Rachel Atkins’ new play Family Matters begins with a woman stuffing a thick roll of cash into a bowl of potato salad.
This isn’t a source of intrigue—we learn almost immediately that she has Alzheimer’s and is prone to odd behavior—but it is a useful metaphor for the first third of this 90-minute, no-intermission show: a bland amalgam of family dramedy clichés, the valuable stuff completely buried.
Family Matters, directed by David Hsieh for his company, ReAct Theatre, eventually introduces some interesting ideas about the limits of colorblindness when it comes to race, with Atkins displaying a similar generosity toward differing perspectives as she did in her 2014 Annex show Black Like Us. This doesn’t retroactively improve the play’s first section, which introduces Nana (Walayn Sharples), her two adopted daughters Pearl (Serin Ngai) and Lena (Katie Tupper), and Pearl’s daughter Gracie (Mika Swanson). It’s Mother’s Day, and the family is spending its traditional backyard celebration catching up and worrying about the future. What are they going to do with Nana as her memory worsens?
These people don’t behave like people but like information-delivery services making a scheduled drop-off. In turn, Pearl announces she’s been offered her dream job, Gracie admits she has a new boyfriend and Lena drops a bombshell about a big move she’s planning.
This painstaking approach to organizing the characters’ backgrounds extends to off-stage figures. Would Pearl really feel the need to remind her sister her husband is dead? Would Lena need to reiterate she’s divorced and now dating a woman? Atkins pads her script with so many biographical details, we learn nothing but an encyclopedic summary of these women.
The dialogue, delivered with deliberate over-gesturing by many of the performers, doesn’t help. “I’m millennial like that,” Gracie retorts to her mother’s admonition about texting. Where’s the follow-up gag about avocado toast?
Much of this patter is designed as the placid surface through which the real issues will burst, and things get undeniably better once the friction starts putting off heat. Pearl and Lena, adopted from separate Korean families as babies, discover they had vastly different experiences growing up in a Jewish American household. Pearl clings to the “we’re all the same on the inside” idea that they were taught growing up, but Lena can’t agree. We’re not all the same on the inside or the outside, and both matter, she says, as Tupper’s performance unbinds her pent-up emotion.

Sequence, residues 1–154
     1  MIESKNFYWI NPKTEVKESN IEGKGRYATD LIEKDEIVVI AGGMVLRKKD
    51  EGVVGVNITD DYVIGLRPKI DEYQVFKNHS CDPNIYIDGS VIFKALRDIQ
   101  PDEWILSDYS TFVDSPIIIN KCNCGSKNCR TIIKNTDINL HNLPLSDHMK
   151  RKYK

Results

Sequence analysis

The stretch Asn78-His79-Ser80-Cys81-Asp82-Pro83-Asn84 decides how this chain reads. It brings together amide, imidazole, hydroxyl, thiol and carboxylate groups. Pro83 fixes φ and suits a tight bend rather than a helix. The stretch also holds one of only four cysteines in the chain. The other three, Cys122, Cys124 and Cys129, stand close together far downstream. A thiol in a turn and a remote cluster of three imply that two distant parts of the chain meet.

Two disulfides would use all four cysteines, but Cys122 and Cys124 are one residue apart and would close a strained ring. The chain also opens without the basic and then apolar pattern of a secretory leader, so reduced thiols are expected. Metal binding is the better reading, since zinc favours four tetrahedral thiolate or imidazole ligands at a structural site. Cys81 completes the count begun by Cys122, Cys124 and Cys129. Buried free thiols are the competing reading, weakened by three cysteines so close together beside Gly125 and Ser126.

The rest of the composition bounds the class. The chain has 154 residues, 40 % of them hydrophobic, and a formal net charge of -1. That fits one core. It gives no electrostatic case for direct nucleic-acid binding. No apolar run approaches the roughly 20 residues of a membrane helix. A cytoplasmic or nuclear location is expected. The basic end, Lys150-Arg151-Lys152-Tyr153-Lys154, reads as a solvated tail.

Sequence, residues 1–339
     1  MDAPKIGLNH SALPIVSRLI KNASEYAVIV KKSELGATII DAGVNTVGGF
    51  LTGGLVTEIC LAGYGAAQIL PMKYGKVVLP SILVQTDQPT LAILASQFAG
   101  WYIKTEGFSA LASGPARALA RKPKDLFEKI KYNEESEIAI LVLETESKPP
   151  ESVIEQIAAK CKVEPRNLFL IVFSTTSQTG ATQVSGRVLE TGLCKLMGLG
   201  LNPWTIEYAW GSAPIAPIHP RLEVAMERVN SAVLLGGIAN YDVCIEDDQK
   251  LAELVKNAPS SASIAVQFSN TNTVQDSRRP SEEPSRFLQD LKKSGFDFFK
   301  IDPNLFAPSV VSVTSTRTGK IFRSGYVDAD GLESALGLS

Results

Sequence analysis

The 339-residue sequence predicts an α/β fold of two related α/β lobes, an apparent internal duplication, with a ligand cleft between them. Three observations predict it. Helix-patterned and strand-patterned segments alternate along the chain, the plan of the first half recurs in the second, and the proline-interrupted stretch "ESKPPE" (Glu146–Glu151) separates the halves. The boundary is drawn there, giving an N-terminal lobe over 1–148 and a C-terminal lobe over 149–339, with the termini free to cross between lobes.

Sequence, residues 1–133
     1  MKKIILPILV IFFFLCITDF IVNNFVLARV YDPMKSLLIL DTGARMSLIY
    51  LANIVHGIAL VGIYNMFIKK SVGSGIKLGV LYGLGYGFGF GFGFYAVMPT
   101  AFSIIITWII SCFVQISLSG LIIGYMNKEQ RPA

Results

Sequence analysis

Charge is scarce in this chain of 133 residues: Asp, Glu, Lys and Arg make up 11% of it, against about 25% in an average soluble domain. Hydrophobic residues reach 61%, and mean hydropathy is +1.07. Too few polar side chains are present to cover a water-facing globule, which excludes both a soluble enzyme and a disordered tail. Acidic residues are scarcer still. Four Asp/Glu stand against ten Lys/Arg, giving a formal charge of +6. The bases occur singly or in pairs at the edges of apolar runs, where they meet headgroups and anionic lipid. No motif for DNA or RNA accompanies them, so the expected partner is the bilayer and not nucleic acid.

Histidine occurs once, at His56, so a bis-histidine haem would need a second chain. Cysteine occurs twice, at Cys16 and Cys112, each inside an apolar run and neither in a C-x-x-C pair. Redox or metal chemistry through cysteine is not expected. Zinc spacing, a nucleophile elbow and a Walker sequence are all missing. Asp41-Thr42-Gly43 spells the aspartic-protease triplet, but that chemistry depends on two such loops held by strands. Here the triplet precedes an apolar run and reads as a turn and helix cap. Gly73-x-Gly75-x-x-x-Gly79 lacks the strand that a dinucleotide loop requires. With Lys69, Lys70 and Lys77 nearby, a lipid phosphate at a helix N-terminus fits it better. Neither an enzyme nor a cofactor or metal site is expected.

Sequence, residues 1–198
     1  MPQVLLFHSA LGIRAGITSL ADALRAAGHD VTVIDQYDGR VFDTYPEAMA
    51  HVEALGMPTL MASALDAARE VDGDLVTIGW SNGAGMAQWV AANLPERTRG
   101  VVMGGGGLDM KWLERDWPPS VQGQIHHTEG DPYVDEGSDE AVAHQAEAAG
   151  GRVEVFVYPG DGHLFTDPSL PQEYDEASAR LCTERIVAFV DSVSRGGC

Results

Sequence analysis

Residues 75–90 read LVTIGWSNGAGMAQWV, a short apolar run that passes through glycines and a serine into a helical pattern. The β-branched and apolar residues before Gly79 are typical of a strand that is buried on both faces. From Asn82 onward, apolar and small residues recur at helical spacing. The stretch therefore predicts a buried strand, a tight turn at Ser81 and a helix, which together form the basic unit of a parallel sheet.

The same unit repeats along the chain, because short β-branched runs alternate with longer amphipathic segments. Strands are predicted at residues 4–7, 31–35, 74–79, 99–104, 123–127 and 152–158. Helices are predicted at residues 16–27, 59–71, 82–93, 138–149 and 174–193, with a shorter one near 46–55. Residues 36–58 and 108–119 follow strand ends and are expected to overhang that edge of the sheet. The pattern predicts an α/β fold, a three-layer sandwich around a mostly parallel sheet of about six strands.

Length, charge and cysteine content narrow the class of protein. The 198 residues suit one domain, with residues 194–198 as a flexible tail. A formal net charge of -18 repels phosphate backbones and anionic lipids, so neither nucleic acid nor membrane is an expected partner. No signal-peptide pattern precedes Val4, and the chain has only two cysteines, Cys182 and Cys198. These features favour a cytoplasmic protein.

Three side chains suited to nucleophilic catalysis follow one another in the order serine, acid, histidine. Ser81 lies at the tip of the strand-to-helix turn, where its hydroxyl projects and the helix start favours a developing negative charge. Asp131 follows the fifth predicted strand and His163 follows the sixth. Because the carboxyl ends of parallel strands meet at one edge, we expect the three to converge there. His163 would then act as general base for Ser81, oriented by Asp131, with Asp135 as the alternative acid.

And then Gracie’s boyfriend, Antoine (Tamron Harrison), shows up. He’s Black, and things turn from contentious to hateful.
Though Antoine has the most nuanced perspective of everyone here, he’s mostly used to catalyze others’ feelings. The same is true for Nana, whose disease transforms her into an entirely new person every time she re-enters the stage. Some reactiveness makes for good drama, but it doesn’t feel fair to the characters. No scene better illustrates this discrepancy than a moment where Nana assumes Antoine is a person from her past, and he feels pressured to play along. “Don’t do it,” somebody cautioned from the audience at a recent show. He does it.
Antoine weathers abuse both overtly racist and more subtly condescending in his short time on stage, effectively making a point about how “colorblindness” is often just a rhetorical tool to ensure white people aren’t made to feel uncomfortable.
Antoine almost leaves several times, but he can’t bring himself to do it. The play has turned his feet leaden. Family Matters acknowledges the difficulty of racism, but it wants us to be optimistic that we can find common ground. So he stays. And a wound that was gouged open just 20 minutes ago gets covered with a Band-Aid constructed of family scrapbooks and cake.
Family Matters runs through July 28 at 12th Avenue Arts, playing in repertory with Annie Baker’s The Aliens, running through July 29.